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To Prevent Breast Cancer...Figure the Fats of Life

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There’s no question about it: a high-fat diet increases the risk of breast cancer (and many other cancers).

But an extensive overview of the fat/diet link published in the American Journal of Clinical Nutrition concludes that it’s not only the amount of fat, but the type of fat you eat that is linked to increased risk. Specifically, omega-6 fatty acids (EFAs) abundant in processed liquid, polyunsaturated fats (such as corn and safflower oils) may promote cancer, while other EFAs, especially omega-3 fatty acids (high in wild salmon and flax seed) seem to lower risk more often than not.

Know the fats of life
To increase the odds of beating breast cancer, here’s the bottom line about fats: Most EFA-rich foods, such as olives, nuts, seeds, wild salmon, and avocados, are healthy choices; so, too, are cold pressed oils that haven’t been heated to high temperatures and striped of their nutritional benefits. But when you process foods into oil, and then heat them at high temperatures to increase shelf life, their balance of nutrients changes; in turn, your risk of breast cancer may increase.

Be food-smart
Breast health is enhanced based on the foods and types of fat you typically eat each day. Consume a nutrient-dense, cancer-protecting diet of fresh fruits, vegetables, whole grains, and beans and peas, with smaller amounts of nuts and seeds, and lean and low-fat dairy, fish, and poultry—and a limited amount of added fats and oils—and you’re taking a big step toward breast health…for life.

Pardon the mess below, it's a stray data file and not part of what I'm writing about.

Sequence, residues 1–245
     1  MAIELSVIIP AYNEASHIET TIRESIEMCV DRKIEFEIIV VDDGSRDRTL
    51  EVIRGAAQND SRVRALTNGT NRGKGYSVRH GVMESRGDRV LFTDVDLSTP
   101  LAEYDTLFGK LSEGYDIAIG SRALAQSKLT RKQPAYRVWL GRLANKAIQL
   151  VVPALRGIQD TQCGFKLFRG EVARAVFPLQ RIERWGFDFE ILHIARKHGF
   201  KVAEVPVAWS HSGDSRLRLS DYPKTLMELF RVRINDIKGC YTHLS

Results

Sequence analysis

Deborah Kesten, MPH, and Larry Scherwitz, PhD, are international lifestyle and health researchers and Certified Wellness and Cardiac coaches. They also are the award-winning authors of Feeding the Body, Nourishing the Soul, The Healing Secrets of Food, and The Enlightened Diet. Call them at 415.810.7874, or visit them at www.Enlightened-Diet.com to take their FREE What’s Your Eating Style? Quiz, and to learn more about their Whole Person Nutrition Program for wellness, weight loss, coaching, and books.

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We value and respect our HERWriters' experiences, but everyone is different. Many of our writers are speaking from personal experience, and what's worked for them may not work for you. Their articles are not a substitute for medical advice, although we hope you can gain knowledge from their insight.

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